What I've just described is called extrinsic motivation. Intrinsic motivation is its better-looking cousin. It's when you do things for their own sake, not for a reward.
It is a fact: Rewarding someone for doing something directly leads to a reduction in interest and performance in that very thing.
So, we know that rewards (or the stick) are largely ineffectual in achieving any long term behaviourial effects.
The only way to actually change your willingness to do a certain task is to change the way you view that task. You must want it. You must develop intrinsic motivation.
Let's not pretend we will love everything we have to do. Sometimes things are hard. Luckily, we've got a secret weapon up our sleeves to help us.
Part of our ego is integrity. Our integrity is called into question when there is a mismatch between what we say and what we do.
As humans, we care what other people think. Here's an example to illustrate:
So, how to harness that to get more done?
Find yourself someone who is going to hold you accountable to your goals.
(See the action below.)
Here's a tip: when you find someone, share with them what you want to achieve, along with why you want to achieve it. By doing that, you're committing a part of yourself to the pact. Here's an example:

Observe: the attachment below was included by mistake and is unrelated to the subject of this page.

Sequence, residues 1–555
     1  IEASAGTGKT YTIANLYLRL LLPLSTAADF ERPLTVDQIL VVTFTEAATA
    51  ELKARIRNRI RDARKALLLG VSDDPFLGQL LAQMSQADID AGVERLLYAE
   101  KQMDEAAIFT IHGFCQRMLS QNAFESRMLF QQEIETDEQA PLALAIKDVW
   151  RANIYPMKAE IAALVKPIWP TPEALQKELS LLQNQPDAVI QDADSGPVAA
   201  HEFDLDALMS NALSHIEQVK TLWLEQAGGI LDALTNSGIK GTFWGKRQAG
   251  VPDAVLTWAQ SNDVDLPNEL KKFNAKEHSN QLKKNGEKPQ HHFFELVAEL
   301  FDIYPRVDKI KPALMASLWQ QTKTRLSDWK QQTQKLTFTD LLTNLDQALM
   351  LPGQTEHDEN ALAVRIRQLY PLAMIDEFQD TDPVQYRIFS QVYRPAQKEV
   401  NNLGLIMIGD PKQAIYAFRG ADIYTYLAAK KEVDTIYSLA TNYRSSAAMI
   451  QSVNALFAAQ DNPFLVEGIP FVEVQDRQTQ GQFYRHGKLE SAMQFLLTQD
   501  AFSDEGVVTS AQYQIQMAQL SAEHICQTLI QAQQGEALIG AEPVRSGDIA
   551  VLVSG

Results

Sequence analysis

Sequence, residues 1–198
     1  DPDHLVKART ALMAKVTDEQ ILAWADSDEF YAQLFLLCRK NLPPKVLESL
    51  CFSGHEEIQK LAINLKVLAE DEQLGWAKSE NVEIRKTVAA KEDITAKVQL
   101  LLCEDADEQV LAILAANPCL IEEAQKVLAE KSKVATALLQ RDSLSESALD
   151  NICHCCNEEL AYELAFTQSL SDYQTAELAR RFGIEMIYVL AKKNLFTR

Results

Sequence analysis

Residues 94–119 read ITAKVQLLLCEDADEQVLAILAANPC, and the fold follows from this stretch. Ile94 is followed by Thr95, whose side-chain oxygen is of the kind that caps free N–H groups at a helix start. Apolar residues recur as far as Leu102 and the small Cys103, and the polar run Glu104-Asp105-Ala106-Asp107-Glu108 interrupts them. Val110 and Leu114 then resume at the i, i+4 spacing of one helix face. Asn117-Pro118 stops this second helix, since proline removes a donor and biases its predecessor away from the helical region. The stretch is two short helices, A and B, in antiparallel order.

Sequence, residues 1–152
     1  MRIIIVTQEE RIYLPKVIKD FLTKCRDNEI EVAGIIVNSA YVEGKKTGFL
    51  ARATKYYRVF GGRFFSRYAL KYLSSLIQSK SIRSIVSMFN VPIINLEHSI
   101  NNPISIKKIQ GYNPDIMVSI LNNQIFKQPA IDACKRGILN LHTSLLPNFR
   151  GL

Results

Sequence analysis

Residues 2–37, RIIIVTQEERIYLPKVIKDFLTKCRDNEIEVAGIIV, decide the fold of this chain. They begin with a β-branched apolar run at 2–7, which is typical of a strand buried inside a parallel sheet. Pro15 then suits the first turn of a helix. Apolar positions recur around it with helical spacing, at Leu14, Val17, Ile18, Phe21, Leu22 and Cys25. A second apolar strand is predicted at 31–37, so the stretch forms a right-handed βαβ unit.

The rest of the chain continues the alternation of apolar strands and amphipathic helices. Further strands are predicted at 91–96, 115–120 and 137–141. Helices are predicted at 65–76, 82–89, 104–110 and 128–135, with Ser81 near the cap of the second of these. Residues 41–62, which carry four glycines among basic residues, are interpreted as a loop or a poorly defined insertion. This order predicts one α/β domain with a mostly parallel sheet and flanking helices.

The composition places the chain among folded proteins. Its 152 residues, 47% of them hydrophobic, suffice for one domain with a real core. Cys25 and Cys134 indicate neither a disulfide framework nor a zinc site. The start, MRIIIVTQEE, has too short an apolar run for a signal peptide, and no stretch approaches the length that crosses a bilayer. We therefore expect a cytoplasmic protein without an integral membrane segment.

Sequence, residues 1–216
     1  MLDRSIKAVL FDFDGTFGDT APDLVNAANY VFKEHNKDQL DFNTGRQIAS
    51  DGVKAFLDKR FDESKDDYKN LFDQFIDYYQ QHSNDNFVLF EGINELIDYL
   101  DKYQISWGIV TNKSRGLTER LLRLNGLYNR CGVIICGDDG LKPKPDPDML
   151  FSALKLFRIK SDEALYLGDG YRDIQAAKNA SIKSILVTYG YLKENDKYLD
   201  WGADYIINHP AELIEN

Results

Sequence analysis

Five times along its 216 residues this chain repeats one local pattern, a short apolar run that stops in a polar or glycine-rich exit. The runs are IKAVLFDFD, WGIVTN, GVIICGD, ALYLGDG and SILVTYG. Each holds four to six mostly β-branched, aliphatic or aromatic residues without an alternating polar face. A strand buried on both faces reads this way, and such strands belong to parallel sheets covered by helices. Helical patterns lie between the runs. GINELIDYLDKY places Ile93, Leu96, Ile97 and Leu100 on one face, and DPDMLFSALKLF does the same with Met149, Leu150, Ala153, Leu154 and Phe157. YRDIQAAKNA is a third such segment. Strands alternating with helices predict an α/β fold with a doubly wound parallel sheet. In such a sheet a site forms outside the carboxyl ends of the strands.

"I want to finish building my website out this weekend. The website is a key component in my goal of moving to freelance work. I want to become a freelancer because I'm tired of the corporate life and associated pressure."
Now, you've got real skin in the game. If you fail that goal you're implying that, "Leaving the corporate life isn't that important to me."
// Because there's always someone smarter than you in the room.
You can get a free wallpaper version of this here.
// Idea's are great, but sometimes you need someone to kick yah butt into gear.
What is the most important thing you need to have done by EOB on Friday? Email it to me and I'll hold you accountable.
When you do, I'll reply with something I want to get done. I'll check in with you periodically during the week so you're not forced into an all-nighter on Thursday (I'm a slave driver - we will get this done).
Just do it - you won't believe what you can achieve when there's someone on the other end of the line.
// I know, I know. I can almost hear you saying "Don't go, don't go."
That's it for this week.
Quick note: I'm about half way through an eBook. Its called Working From Home: A Complete Guide.
It's jam packed with info on how to set you or your company up for efficient remote work. As a pre-launch (for the next week or so) I'm selling it for $10 USD. You can get it free. All you have to do is forward this email to a friend that might like it. If you do, I'll send it to you next week. No questions asked.
I hope you have a great week wherever you're reading from.
If you've found this interesting, valuable or entertaining, a few of your friends might too. Please forward on to them.
If you want to support in other ways, reply to this email with some feedback and your honest thoughts - please.
See yah next week, thanks for reading!